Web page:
For non-proliferation's sake, Sun asks OSI to retire older open source license

For non-proliferation's sake, Sun asks OSI to retire older open source license

Summary: There's a bit of news on the the open source license non-proliferation front.  Proliferation of incompatible open source licenses has balkanized the open source software community to a point that code isn't nearly as freely shareable as some people perceive it to be.

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TOPICS: Open Source
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There's a bit of news on the the open source license non-proliferation front.  Proliferation of incompatible open source licenses has balkanized the open source software community to a point that code isn't nearly as freely shareable as some people perceive it to be.  As one of his first moves as Chief Open Source Officer at Sun, Simon Phipps has announced that the company is retiring the Sun Industry Standards Source License (SISSL) in favor of its more recently drafted (and Open Source Initiative-approved)  Common Development and Distribution License (the CDDL, pronounced "cuddle").  Wrote Phipps:

[The CDDL] renders continued cloning of the Mozilla Public License unnecessary. That license - CDDL - may have had a controversial first outing but in fact is a well-received license that makes any future attempt to build yet another MPL-clone vanity license much less likely.... We're taking a practical step today, the first of several I hope, and committing Sun to actually help with the issue [of open source license proliferation]. I'd encourage other companies to do the same.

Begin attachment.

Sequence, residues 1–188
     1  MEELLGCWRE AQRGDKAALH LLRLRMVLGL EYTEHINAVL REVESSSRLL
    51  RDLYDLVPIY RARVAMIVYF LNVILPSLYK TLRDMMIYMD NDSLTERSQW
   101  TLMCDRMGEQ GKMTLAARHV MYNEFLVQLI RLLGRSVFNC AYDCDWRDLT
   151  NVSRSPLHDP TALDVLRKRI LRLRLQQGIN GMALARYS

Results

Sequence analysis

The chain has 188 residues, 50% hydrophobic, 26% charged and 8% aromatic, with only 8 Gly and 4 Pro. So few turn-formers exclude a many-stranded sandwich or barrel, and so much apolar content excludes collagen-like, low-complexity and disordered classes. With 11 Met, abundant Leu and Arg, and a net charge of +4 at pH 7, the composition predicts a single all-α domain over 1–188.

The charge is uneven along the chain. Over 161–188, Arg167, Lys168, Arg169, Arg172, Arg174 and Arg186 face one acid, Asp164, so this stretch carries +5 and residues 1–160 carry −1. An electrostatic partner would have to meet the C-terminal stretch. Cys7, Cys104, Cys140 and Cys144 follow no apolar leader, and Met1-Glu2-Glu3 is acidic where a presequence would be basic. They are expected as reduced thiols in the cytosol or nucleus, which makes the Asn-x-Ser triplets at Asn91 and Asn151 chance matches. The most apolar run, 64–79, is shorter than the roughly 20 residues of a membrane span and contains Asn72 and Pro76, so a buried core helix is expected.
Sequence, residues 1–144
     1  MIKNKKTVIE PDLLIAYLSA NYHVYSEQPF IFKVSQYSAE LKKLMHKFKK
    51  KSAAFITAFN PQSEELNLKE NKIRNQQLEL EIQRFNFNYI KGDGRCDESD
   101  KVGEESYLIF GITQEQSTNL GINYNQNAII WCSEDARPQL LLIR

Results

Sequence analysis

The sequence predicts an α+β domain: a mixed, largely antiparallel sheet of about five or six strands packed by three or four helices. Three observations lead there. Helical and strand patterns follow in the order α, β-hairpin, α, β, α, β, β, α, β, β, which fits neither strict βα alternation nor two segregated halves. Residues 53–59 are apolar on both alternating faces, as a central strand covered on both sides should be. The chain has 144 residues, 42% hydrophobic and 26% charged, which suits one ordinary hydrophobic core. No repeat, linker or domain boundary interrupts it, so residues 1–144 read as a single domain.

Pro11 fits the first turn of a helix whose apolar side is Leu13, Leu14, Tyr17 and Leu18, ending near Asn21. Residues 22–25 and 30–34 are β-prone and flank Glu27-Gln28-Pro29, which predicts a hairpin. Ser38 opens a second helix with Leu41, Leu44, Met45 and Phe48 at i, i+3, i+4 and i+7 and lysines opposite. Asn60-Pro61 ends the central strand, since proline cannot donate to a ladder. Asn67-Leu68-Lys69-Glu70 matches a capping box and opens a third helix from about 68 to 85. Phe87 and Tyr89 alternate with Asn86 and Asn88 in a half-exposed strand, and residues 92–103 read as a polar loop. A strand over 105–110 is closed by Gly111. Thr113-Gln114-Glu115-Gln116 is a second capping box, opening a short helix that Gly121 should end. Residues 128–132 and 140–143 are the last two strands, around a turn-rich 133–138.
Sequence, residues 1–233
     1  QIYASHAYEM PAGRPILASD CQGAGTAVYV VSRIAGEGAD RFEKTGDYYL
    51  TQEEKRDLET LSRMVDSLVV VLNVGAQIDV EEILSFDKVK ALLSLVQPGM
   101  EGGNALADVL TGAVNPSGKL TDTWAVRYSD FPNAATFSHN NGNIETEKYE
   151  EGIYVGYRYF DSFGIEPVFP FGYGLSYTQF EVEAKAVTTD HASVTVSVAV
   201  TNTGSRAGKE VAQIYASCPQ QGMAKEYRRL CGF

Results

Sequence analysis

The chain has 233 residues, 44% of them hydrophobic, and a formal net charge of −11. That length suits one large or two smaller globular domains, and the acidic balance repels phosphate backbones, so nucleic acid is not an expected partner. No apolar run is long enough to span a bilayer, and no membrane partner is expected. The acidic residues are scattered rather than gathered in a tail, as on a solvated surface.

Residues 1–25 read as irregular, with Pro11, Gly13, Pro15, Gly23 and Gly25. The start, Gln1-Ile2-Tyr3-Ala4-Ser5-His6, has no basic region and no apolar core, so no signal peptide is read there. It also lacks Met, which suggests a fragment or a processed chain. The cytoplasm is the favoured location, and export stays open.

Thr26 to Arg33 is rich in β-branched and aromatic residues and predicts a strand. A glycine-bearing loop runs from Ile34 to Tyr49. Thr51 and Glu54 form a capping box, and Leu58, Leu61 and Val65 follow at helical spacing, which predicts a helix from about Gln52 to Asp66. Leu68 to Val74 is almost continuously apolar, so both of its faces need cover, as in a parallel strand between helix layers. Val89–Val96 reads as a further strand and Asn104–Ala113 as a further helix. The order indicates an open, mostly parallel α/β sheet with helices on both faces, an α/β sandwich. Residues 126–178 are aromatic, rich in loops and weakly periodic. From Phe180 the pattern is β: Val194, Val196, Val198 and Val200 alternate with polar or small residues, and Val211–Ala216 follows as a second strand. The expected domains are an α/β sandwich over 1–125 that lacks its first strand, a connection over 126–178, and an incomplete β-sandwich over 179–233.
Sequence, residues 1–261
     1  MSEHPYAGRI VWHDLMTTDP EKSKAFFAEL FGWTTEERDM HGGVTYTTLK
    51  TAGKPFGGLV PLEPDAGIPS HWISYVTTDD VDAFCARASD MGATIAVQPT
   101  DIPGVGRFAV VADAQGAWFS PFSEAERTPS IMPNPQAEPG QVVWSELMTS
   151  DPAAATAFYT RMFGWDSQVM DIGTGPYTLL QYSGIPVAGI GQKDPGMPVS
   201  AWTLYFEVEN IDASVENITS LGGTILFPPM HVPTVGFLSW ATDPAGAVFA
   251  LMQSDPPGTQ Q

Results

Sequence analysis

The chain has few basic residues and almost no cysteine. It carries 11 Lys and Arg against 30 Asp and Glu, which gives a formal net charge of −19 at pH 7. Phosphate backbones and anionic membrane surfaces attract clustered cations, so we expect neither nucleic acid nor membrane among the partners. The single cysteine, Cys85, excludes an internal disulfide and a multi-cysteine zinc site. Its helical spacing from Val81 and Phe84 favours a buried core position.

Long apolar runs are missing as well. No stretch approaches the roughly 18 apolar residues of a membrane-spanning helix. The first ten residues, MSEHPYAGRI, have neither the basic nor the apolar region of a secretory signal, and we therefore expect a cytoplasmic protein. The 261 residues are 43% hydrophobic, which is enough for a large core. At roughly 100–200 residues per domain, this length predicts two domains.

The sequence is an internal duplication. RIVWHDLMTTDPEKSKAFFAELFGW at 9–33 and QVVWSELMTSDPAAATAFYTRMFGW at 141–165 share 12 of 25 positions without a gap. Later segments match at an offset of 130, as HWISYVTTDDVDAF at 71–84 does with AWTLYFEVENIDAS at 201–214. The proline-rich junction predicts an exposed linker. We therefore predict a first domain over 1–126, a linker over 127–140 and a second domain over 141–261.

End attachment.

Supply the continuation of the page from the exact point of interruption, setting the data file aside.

The announcement by Phipps, which was released on his blog, also discusses the request he submitted to the Open Source Initiative to essentially decomission the SISSL license.  Phipps also siezed the opportunity to tar and feather IBM's Steve Mills and HP's Martin Fink for what Phipps apparently views asirresponsible rhetoric.

Elsewhere on the non-proliferation front, Larry Rosen, the man who literally wrote the book on Open Source Licensing, has now penned his own treatise on the issue of open source license proliferation and posted it on the Open Source Development Labs' Web site.  Wrote Rosen:

License proliferation has become an important problem because software under those different licenses cannot always be played consistently and compatibly everywhere....Imagine a world in which every word processing program created documents in its own internal format that could not be accessed directly by other word processing programs. This is not difficult to imagine. It is done on purpose even today by some proprietary software vendors—and it is enforced by their software licenses.